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The inflatable belt allowed to control the movement of a man on a gyro scooter

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Japanese engineers have learned to control human movements on a gyro scooter using a tablet and belt with inflatable inserts. When inflated, they cause an involuntary turn of the person because of the “hanger reflex”, so that the gyro scooter turns with it. The development will be presented at SIGGRAPH Asia 2019.

If you put a wire hanger on your head, the head starts to move involuntarily to the right or left, depending on how the hanger is located. At the domestic level, this effect is supposedly known for a long time, but a serious study of the reflex itself and its possible applications began only in 2008 when the group Japanese researchers led by Hiroyuki Kajimoto published an article describing a series of experiments. They found that the movement and pressure of the skin on two sides of the head are responsible for the movement, and pressure in the temporal region is more responsible for the reflex.

Researchers later found that a similar effect occurs when pressure is applied to other parts of the body, including the wrist and waist. Since the waist is much more convenient for fixing devices, they created a belt with four inflatable chambers, which allow creating pressure on the body in this part and thus control the rotation of a person.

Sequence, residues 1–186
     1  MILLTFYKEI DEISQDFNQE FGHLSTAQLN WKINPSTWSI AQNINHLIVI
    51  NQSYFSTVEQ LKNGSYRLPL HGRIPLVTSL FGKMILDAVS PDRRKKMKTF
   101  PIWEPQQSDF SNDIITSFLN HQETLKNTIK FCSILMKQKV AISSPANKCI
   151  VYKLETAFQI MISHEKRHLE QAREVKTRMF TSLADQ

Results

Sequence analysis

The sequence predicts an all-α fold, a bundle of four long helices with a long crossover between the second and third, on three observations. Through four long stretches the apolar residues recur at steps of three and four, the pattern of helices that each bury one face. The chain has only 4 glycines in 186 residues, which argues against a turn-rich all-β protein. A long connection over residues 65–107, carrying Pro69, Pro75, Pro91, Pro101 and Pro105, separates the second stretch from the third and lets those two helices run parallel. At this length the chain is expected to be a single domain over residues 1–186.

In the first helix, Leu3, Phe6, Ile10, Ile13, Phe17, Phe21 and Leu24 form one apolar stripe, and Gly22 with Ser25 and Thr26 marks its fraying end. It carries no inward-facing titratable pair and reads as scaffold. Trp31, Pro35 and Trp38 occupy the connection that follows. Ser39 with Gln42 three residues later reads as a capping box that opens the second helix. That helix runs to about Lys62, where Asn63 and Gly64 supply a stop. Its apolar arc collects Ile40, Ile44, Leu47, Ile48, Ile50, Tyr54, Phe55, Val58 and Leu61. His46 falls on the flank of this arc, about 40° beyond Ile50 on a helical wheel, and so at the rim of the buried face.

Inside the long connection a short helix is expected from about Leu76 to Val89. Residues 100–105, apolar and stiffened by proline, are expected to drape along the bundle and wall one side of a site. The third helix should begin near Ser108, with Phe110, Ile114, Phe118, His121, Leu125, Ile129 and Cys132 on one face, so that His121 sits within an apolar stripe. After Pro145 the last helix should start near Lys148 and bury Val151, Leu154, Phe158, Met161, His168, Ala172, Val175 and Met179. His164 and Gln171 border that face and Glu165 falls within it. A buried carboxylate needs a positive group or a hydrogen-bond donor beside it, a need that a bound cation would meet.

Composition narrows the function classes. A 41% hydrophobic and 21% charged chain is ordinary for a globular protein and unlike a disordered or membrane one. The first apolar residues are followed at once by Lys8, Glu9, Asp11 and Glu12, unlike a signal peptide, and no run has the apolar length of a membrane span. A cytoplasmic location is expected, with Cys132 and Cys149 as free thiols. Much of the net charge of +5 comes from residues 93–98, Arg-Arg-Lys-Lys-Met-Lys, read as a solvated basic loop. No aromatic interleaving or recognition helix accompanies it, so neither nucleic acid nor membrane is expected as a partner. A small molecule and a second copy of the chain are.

In their new work, the researchers showed that the belt can be used to control a person on a hoverboard. To do this, the belt inflates the camera, causes the body to rotate, as well as tilting the legs in different directions. As an application, they suggest using a belt such as a stabilization system. Since the movement of the hoverboard depends on the person, it is more effective to control tilts to stabilize the entire system than just tilting the hoverboard.

For remote control, engineers created an autonomous belt control unit, allowing it to receive signals from the operator with a tablet and independently inflate the cameras. On the demo, you can see that a person is riding on the figure-eight highway thanks to external control. In addition, they showed a test version of the navigation system that allows you to autonomously move along a given route under the control of a belt.

This is not the first time that engineers use human reflexes in an unusual way. For example, in 2018, American researchers learned to quietly turn the user of a VR helmet using saccades (involuntary fast eye movements). During saccades, they slightly rotated the image on the helmet screens, after which the user involuntarily slightly rotated the body in the corresponding direction.

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